Fig. 1. Subcutaneous nodules on the corona of glans penis measuring 5mm.

Corresponding author. Departement of Surgery, Habib Bougatfa Hospital, 7000, Bizerte, Tunisia. E-mail address: [email protected] (W. Triki).

https://doi.org/10.1016/j.eucr.2019.100875 Received 5 February 2019; Received in revised form 12 March 2019; Accepted 14 March 2019 Available online 16 March 2019 2214-4420/ © 2019 Published by Elsevier Inc. This is an open access article under the CC BY-NC-ND license (http://creativecommons.org/licenses/BY-NC-ND/4.0/).

Urology Case Reports 24 (2019) 100875

W. Triki, et al.

Fig. 2. Hypodense lesions involving the corpus spongiosum and corpora cavernosa.

Fig. 3. Biopsy from a nodule of glans penis showing metastatic adenocarcinoma. A (magnification 10) and B (magnification 25): coloration with hemathoxulinand eosin staining showing tumor tissue (arrow). C (magnification 40): immunohistochemistry CK7 fixation.

and lymph circulation in the penis creating a more favorable environment for the anchoring of metastatic cells. In our case, the finding of peritoneal carcinomatosis in the pelvis could be the direct origin of penile lesions. However, when the outflow is impaired by venous or lymphatic occlusion, such asin the presence of tumor in the neighboring genitourinary organs orin massive pelvic disease, the process of seeding could be facilitatedA retrograde lymphatic dissemination is the most likely route here as for the presence of palpable superficial inguinal lymph nodes and the finding of subcutaneous nodules on the corona of the glans penis.2The metastatic nature of the lesion can be proven by IHC staining: cytokeratin 20+/cytokeratin 7- and expression of CDX2.3 Penile metastasis often indicate a poor prognosis. It is a sign of an extensively disseminated disease. The overall survival is nearly 10 months after diagnosis.4 Therapeutic options are mainly palliative. They include chemotherapy, radiation, surgical debridement, and symptomatic treatment. Surgical excision is controversial andsome teams have adopted a more radical approach by performing a total penectomy when the metastasis is limited to the penis.5 In this case the patient had a second line chemotherapy and symptomatic management.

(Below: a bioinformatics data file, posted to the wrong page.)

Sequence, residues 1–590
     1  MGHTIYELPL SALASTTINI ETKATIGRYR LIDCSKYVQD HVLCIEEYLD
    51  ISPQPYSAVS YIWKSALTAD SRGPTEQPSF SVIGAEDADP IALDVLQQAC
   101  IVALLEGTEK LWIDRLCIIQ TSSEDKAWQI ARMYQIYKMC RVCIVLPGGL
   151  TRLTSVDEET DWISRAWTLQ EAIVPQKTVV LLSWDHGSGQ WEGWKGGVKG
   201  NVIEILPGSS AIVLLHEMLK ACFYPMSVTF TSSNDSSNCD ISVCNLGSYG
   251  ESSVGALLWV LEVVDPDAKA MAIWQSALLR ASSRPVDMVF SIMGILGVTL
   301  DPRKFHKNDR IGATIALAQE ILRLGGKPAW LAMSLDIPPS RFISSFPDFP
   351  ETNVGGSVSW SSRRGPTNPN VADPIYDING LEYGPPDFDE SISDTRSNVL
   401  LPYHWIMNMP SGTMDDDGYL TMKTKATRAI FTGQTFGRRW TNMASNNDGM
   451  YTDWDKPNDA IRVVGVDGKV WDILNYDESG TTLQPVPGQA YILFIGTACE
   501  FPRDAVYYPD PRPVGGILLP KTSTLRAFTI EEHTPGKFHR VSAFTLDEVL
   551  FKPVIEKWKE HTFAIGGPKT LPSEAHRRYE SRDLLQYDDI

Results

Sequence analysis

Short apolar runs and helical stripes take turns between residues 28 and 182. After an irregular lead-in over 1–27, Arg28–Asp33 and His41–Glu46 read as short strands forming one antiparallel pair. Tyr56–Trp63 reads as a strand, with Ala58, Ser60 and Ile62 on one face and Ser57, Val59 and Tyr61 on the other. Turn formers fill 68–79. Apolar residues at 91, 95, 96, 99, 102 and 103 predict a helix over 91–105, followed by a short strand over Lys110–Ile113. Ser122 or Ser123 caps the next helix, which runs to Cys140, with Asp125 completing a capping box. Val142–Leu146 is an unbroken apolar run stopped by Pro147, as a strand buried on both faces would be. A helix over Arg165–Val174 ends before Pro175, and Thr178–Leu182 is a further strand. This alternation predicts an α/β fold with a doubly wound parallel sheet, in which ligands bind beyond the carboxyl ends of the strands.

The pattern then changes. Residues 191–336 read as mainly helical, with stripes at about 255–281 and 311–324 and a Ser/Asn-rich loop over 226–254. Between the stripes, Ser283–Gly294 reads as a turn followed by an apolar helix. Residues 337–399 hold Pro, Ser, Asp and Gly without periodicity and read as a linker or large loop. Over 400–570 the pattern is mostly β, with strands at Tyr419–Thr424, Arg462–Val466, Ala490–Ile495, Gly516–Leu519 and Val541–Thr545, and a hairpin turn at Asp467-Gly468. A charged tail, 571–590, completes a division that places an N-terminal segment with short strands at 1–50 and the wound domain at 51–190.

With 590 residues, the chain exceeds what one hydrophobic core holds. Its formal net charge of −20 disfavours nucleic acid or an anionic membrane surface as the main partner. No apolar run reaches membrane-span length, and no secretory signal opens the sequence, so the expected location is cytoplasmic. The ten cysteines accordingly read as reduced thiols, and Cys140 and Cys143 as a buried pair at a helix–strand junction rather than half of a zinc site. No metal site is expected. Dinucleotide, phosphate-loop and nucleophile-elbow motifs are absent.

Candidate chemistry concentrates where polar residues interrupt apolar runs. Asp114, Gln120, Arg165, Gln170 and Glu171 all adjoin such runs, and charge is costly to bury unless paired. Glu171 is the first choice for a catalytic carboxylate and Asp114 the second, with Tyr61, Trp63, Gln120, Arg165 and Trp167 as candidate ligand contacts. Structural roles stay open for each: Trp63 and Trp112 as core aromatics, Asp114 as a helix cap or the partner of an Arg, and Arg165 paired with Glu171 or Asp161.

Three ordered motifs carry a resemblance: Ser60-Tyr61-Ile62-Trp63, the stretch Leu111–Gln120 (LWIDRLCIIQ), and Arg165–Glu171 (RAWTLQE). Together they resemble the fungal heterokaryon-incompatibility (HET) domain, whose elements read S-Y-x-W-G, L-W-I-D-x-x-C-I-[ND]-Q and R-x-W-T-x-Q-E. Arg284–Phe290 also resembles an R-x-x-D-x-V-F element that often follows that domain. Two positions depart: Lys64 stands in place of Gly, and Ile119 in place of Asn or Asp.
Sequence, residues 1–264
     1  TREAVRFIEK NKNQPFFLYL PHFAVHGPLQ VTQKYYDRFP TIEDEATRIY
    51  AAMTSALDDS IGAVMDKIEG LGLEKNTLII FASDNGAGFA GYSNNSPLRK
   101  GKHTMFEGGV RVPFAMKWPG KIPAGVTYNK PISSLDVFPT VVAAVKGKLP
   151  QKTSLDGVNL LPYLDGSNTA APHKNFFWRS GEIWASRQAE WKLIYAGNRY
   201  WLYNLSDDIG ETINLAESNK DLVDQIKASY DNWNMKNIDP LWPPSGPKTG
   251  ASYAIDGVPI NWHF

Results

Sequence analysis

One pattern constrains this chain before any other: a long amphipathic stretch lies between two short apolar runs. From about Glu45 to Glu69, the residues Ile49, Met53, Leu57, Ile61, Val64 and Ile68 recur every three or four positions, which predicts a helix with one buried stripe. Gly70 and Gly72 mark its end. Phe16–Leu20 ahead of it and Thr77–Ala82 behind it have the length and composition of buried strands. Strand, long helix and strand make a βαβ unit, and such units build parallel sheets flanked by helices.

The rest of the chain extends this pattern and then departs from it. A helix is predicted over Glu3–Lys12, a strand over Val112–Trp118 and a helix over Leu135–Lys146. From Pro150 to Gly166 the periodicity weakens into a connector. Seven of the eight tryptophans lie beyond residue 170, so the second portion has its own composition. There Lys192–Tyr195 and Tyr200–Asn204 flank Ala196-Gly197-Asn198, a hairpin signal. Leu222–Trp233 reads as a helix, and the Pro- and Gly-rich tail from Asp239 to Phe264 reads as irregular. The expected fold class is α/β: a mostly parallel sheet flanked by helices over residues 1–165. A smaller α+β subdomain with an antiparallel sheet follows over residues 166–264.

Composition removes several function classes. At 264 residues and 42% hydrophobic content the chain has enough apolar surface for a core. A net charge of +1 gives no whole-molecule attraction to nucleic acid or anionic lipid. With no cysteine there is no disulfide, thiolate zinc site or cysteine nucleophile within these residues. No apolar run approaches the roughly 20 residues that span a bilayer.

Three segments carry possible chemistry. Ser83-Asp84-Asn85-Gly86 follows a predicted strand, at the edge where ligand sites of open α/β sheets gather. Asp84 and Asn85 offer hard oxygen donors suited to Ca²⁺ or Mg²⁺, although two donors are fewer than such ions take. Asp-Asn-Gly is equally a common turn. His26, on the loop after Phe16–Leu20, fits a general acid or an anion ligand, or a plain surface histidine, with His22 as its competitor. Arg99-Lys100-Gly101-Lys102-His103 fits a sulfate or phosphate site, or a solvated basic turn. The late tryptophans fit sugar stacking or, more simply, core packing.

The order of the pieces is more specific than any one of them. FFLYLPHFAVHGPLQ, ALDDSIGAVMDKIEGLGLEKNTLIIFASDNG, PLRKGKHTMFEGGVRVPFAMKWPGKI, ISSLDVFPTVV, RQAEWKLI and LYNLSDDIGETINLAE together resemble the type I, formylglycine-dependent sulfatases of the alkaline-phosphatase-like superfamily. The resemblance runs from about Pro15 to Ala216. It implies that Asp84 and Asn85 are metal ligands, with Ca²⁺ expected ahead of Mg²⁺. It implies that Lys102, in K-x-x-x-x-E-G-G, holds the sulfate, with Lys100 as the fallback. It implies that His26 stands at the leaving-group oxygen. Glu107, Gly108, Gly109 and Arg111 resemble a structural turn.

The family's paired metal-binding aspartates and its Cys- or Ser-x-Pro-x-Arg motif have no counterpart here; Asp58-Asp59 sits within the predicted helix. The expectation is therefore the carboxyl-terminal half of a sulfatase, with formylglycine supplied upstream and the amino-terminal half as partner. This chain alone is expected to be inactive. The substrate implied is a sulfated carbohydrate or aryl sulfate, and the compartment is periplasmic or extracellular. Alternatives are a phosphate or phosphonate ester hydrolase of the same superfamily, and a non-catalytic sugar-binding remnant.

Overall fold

Conclusion Penile metastasis arising from lower GI tumors is exceptional., and its pathophysiology is not fully understood. The presence of a penile lesion in a cancer patient is an alarming sign as it indicates an underlying disseminated disease. Optimal management of metastatic colon adenocarcinomato the penis has yet to be standardized, and treatment aims are often palliative. References 1. Haddad FS, Manne RK. Involvement of the penis by recto-colic adenocarcinoma.Report of a case and review of theliterature. Dis Colon Rectum. 1987;30:123–129. 2. Cherian J, Rajan S, Thwaini A, Elmasry Y, Shah T, Puri R. Secondary penile tumours revisited. Int Semin Surg Oncol. 2006;3:33. 3. Bayrak R, Haltas H, Yenidunya S. The value of CDX2 and cytokeratins 7 and 20 expression in differentiating colorectal adenocarcinomas from extraintestinal gastrointestinal adenocarcinomas: cytokeratin 7-/20+ phenotype is more specific than CDX2 antibody. Diagn Pathol. 2012;7:9. 4. Cocci A, Hakenberg OW, Cai T, et al. Prognosis of men with penile metastasis and malignant priapism: a systematic review. Oncotarget. 2017;9(2):2923–2930. 5. Kimura Y, Shida D, Nasu K, Matsunaga H, Warabi M, Inoue S. Metachronous penile metastasis from rectal cancer after total pelvic exenteration. World J Gastroenterol. 2012;18(38):5476–5478.